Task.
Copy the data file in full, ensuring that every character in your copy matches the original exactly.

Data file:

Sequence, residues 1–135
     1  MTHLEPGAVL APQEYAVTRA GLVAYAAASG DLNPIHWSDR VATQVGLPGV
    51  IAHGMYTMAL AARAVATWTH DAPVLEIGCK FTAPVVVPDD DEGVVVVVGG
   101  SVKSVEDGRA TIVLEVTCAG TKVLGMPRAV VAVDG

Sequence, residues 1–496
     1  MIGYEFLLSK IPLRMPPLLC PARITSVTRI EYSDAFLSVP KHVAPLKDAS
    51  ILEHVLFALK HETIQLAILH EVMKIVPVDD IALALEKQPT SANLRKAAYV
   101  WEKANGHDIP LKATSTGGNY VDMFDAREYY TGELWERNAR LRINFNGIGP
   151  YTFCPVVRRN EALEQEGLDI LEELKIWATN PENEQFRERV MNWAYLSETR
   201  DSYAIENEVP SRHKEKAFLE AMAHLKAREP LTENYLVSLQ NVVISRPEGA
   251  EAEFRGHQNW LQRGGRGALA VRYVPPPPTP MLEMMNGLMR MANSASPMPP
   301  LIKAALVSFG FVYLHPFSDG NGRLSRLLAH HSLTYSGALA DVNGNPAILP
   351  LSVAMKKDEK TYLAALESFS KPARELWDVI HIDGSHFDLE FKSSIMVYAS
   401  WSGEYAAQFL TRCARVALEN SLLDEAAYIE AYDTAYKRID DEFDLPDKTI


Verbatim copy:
Sequence, residues 1–135
     1  MTHLEPGAVL APQEYAVTRA GLVAYAAASG DLNPIHWSDR VATQVGLPGV
    51  IAHGMYTMAL AARAVATWTH DAPVLEIGCK FTAPVVVPDD DEGVVVVVGG
   101  SVKSVEDGRA TIVLEVTCAG TKVLGMPRAV VAVDG

Sequence, residues 1–496
     1  MIGYEFLLSK IPLRMPPLLC PARITSVTRI EYSDAFLSVP KHVAPLKDAS
    51  ILEHVLFALK HETIQLAILH EVMKIVPVDD IALALEKQPT SANLRKAAYV
   101  WEKANGHDIP LKATSTGGNY VDMFDAREYY TGELWERNAR LRINFNGIGP
   151  YTFCPVVRRN EALEQEGLDI LEELKIWATN PENEQFRERV MNWAYLSETR
   201  DSYAIENEVP SRHKEKAFLE AMAHLKAREP LTENYLVSLQ NVVISRPEGA
   251  EAEFRGHQNW LQRGGRGALA VRYVPPPPTP MLEMMNGLMR MANSASPMPP
   301  LIKAALVSFG FVYLHPFSDG NGRLSRLLAH HSLTYSGALA DVNGNPAILP
   351  LSVAMKKDEK TYLAALESFS KPARELWDVI HIDGSHFDLE FKSSIMVYAS
   401  WSGEYAAQFL TRCARVALEN SLLDEAAYIE AYDTAYKRID DEFDLPDKTI